Obama's Smart Crisis Management
Critics have slammed Obama for visiting Brazil while the U.S. strikes Libya—not to mention discussing basketball during Japan's tragedy—but Howard Kurtz says he's juggling it all with skill.
With key parts of the world in turmoil, the criticism of President Obama is growing louder: Why doesn't he do something?
Shouldn't he have sent American fighter jets to Libya right away, rather than waiting for the Europeans to join in the bombing this weekend? And what about the Japanese nuclear catastrophe? What if a dangerous amount of radiation reaches our shores? Can't we take matters into our own hands?
Audio: Obama Addresses Air Strikes from Brazil
The conservative critique was captured by Sean Hannity: "The president received that dreaded 3 a.m. phone call this weekend when the quake struck. How did he respond? He went golfing."
The nerve of that guy, indulging in recreation on a Saturday when he could be saving the world.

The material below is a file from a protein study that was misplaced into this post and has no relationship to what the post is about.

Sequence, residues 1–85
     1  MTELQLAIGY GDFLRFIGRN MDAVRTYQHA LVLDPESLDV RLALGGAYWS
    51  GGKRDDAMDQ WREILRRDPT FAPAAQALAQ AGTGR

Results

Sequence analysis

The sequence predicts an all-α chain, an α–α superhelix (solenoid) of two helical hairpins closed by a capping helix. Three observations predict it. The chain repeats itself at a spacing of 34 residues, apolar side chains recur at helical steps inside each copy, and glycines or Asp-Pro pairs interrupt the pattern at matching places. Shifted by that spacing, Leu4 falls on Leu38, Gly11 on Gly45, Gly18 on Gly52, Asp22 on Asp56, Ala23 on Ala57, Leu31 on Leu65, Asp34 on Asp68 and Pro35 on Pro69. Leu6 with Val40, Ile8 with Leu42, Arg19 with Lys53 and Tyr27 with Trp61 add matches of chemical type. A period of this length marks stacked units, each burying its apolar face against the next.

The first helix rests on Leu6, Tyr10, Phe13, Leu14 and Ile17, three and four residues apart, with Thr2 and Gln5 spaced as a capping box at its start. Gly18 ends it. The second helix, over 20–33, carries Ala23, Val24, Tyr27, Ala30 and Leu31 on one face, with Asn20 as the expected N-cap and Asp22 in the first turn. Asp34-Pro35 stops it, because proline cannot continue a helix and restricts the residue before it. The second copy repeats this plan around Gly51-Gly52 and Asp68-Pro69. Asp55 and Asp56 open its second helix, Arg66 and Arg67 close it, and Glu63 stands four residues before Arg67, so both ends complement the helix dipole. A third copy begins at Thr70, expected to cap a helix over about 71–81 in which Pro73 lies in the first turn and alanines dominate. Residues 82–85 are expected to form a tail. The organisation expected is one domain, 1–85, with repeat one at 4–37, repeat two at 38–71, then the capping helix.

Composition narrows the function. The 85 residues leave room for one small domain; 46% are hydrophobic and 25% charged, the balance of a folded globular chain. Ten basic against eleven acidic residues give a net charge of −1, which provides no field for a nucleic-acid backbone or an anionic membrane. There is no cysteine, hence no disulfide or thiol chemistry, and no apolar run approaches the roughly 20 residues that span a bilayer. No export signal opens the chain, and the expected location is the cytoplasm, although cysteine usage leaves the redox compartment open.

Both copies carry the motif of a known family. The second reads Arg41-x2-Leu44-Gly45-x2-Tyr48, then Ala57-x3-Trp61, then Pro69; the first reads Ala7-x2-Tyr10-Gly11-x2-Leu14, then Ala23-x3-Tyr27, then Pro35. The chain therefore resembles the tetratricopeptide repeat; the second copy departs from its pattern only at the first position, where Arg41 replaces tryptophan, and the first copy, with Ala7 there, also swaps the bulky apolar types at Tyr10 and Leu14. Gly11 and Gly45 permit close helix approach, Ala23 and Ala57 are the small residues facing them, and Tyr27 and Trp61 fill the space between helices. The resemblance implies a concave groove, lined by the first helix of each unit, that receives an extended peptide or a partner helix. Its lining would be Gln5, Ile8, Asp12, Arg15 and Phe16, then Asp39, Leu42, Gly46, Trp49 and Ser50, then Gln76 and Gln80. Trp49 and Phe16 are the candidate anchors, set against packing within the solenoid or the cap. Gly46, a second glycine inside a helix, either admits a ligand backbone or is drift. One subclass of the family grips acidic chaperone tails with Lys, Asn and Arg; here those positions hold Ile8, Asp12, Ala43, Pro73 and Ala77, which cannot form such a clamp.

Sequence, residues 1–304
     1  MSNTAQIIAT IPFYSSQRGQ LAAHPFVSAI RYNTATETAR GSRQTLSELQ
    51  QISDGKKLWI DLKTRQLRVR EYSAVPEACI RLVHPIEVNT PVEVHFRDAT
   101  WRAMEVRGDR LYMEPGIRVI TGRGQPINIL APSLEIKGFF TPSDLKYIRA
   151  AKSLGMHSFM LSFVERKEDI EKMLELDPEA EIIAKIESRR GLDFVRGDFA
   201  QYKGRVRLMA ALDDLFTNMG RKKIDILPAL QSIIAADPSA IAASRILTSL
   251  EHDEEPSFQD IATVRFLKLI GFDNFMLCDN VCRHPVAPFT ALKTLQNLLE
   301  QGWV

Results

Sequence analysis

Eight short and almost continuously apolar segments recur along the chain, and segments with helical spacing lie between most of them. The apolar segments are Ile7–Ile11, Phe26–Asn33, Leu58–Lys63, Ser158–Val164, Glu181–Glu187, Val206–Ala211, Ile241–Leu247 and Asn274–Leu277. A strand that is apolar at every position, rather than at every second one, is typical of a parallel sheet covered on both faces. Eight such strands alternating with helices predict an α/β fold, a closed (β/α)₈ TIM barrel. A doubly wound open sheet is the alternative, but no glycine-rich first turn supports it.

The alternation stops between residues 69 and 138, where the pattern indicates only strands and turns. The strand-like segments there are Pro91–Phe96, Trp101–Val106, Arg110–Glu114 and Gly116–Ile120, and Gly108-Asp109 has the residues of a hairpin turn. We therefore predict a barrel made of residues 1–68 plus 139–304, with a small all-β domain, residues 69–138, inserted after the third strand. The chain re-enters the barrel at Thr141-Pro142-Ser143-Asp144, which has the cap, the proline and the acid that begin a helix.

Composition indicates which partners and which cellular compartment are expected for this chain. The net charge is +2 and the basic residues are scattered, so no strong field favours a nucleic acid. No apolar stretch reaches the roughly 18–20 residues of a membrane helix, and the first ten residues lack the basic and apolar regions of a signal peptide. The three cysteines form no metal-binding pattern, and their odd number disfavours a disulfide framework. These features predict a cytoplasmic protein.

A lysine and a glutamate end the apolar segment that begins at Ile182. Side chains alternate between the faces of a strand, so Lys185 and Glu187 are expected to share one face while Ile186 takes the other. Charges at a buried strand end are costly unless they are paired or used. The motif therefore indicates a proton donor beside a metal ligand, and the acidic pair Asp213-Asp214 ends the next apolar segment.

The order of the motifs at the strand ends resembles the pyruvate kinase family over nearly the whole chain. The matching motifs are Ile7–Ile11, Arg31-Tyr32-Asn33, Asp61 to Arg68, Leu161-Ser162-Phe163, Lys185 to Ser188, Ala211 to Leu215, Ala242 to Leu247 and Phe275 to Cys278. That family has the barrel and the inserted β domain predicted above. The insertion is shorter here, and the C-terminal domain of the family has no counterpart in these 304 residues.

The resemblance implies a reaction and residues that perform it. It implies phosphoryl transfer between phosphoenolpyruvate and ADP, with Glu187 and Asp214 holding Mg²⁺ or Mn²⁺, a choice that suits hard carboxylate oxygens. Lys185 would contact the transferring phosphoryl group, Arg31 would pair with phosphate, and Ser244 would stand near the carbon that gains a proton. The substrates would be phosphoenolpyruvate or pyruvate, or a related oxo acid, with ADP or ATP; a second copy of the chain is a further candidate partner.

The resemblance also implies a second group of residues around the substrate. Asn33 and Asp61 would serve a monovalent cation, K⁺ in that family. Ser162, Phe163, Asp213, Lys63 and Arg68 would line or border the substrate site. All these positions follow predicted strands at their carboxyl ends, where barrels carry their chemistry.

Let's get this straight: Obama is not Superman. He can't solve every global crisis. It is a conceit of our media-political culture to believe that the Oval Office occupant must always be ready to put on a cape and swoop in to save the day.
It's doubtful that a single voter will be swayed by whether he took the time to work on his Final Four picks.
Obama has taken some fair hits for hanging back on budget negotiations and entitlement reform, not to mention his tepid approach to modest gun control, delivered through an op-ed piece. But averting a nuclear meltdown halfway around the globe? Here the president's sin was to talk about his March Madness brackets.